How the 2019 national title game will be won and lost — and why the 'ugly' label is misplaced

Yahoo Sports

The most captivating basketball game of the past half-decade, at any level, on any stage, was a slog.

It was June 19, 2016, a summer Sunday evening you, like 30.8 million others, surely spent in front of a TV. It was Cleveland Cavs vs. Golden State Warriors, Part II, Game 7 – Kyrie Irving’s shot, LeBron James’ promise kept. It was the unforgettable culmination of an NBA Finals littered with blowouts, turned suddenly by 48 gripping minutes into one of the greatest ever.

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And, by the standards being used to complain about Monday’s NCAA national title game before it’s even begun, one of the most memorable nights in NBA history was ugly. Perhaps even dull. Excruciatingly so.

[Best Bracket Millionaire: Who’s going to win it all?]

It was played at a mid-00s pace, the teams scoring around a point per possession, below the NBA average – and below Texas Tech’s output in each of its five 2019 NCAA tournament games. Golden State and Cleveland combined for 31 fourth-quarter points and a Virginia-esque one made basket over the final four-and-a-half minutes.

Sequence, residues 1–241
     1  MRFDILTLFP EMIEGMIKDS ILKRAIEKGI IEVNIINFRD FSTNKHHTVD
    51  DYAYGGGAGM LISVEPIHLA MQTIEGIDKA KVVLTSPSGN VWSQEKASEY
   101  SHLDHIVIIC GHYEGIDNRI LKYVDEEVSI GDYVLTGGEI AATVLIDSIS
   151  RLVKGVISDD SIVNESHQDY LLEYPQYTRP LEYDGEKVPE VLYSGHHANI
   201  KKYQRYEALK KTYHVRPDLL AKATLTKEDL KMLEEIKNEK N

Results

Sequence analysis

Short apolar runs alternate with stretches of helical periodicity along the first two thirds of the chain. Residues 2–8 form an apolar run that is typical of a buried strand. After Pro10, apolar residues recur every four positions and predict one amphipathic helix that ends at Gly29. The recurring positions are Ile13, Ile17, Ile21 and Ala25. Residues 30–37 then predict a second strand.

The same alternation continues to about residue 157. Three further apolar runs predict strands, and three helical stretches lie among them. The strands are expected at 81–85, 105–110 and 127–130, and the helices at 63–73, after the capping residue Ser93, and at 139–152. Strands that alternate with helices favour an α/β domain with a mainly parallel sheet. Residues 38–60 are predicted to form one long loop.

So before you prematurely moan about expected drudgery – before you joke about 31-28 final scores; before you compare Virginia vs. Texas Tech to a bull ramming into a fire hydrant and dying – take a second to reflect and reconsider. Not to convince yourself that Monday will match Warriors-Cavs. But to realize that slow, low-scoring basketball has its merits.

Slow and low-scoring does not equal boring

It’s one of several basketball manifestations of the scarcity principle, the reason a sport featuring some 2.7 goals per 90 minutes can be the world’s most popular: the rarer points get, the more valuable they are; the more, therefore, every possession matters. Tension heightens. Frantic excitement might dwindle, but drama lingers and builds, seizing nerves.

Virginia’s eked-out, drought-ridden victories over Oregon and Auburn weren’t charming. But they were spellbinding, blink-less theater. Just like dozens of turn-of-the-century NBA playoff rock fights. And just like that legendary Cavs-Warriors finale.